The house was a sight to see, sitting back in a notch cut out in the side of a mountain. The house was hardly more than a shanty constructed of loosely fitted, rough-hewn, poplar boards. It had a small porch out front, and the whole thing was mounted on posts that elevated it approximately four feet off the ground. There was a barn and outhouse down a path to the left of the house. The roof was covered with sheets of metal, I think it was tin. It was rusty and reflected a red tint in the sun. There were only two rooms in the house, large rooms, one a huge kitchen, the other an even bigger bedroom. There was no kind of covering on the floor, just bare boards with large cracks between the boards. Keeping the floor clean was a simple matter of sweeping the top of the boards and letting the dirt fall between the cracks onto the ground below.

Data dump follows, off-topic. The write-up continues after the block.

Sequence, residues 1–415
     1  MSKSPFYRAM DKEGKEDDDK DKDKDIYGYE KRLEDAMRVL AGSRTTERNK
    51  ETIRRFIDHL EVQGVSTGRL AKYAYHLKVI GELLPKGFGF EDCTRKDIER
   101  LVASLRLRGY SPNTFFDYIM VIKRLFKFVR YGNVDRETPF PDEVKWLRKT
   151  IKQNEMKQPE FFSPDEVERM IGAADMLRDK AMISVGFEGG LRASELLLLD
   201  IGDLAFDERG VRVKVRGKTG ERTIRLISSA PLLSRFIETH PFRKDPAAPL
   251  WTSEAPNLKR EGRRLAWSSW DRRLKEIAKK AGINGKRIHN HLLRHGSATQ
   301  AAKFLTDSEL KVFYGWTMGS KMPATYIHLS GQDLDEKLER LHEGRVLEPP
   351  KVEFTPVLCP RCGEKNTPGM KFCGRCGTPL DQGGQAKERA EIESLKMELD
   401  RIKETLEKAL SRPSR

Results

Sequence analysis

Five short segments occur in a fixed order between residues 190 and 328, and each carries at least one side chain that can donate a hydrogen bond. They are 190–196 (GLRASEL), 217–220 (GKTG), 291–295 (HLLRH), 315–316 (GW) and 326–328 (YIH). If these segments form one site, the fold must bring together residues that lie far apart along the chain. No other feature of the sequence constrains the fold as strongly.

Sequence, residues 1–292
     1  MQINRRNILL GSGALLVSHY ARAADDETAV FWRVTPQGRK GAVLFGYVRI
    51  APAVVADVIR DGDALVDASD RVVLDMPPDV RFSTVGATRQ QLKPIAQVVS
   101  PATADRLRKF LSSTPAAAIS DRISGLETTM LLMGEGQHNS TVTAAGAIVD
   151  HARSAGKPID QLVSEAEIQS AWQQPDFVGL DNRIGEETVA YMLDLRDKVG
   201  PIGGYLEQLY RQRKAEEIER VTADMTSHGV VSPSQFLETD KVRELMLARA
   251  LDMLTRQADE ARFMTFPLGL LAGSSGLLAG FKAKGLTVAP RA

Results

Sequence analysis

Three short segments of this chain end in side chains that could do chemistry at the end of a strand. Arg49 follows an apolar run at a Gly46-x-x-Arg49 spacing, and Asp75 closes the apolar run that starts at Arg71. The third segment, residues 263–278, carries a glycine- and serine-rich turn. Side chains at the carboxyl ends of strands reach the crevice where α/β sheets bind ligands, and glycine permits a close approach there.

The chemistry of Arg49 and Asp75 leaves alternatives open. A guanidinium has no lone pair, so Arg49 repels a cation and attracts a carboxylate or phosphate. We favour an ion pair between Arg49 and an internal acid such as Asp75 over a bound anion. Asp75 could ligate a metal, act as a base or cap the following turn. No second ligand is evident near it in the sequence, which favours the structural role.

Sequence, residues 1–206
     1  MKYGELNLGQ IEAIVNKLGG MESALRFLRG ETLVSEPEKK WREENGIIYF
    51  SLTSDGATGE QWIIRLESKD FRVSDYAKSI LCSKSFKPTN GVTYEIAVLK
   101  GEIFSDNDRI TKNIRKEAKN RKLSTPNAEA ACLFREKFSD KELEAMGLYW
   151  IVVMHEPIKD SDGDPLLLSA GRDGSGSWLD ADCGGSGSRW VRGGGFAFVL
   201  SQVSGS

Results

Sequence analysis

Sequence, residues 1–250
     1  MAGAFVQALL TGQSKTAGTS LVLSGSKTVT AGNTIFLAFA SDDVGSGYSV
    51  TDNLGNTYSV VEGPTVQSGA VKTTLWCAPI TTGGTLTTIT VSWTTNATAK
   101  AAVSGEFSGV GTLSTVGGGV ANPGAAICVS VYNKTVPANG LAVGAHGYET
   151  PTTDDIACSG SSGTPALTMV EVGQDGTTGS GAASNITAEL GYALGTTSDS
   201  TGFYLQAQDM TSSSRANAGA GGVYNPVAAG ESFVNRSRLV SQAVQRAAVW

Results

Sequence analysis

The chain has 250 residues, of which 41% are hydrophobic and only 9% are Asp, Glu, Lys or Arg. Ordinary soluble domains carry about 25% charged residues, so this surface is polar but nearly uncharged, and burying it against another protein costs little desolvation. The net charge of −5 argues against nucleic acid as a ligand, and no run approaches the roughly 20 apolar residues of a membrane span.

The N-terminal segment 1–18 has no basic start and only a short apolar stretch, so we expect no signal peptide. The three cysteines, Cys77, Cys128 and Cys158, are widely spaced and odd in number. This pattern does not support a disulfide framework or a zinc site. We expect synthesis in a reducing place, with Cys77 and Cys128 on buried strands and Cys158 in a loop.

There was no electricity. Light was provided by Kerosene lanterns. All meals were prepared on a wood-burning stove. A tank on the side held water that stayed hot as long as there was fire in the stove. Flypaper strips hung everywhere around the house. The doors, one at the front, leading onto the porch and one in the back, lead out of the kitchen. Just outside the kitchen door was an empty, fifty-pound lard can. It was called the slop bucket. Into it went just about everything one could consider edible, even some things I didn't consider edible. They even poured dirty dish water into it after meals. Every evening, whoever was assigned slop bucket duty, (usually a team of two children) carried the can over to the pigpen and poured its contents into the feed trough. Never have I heard such sucking and slurping noises.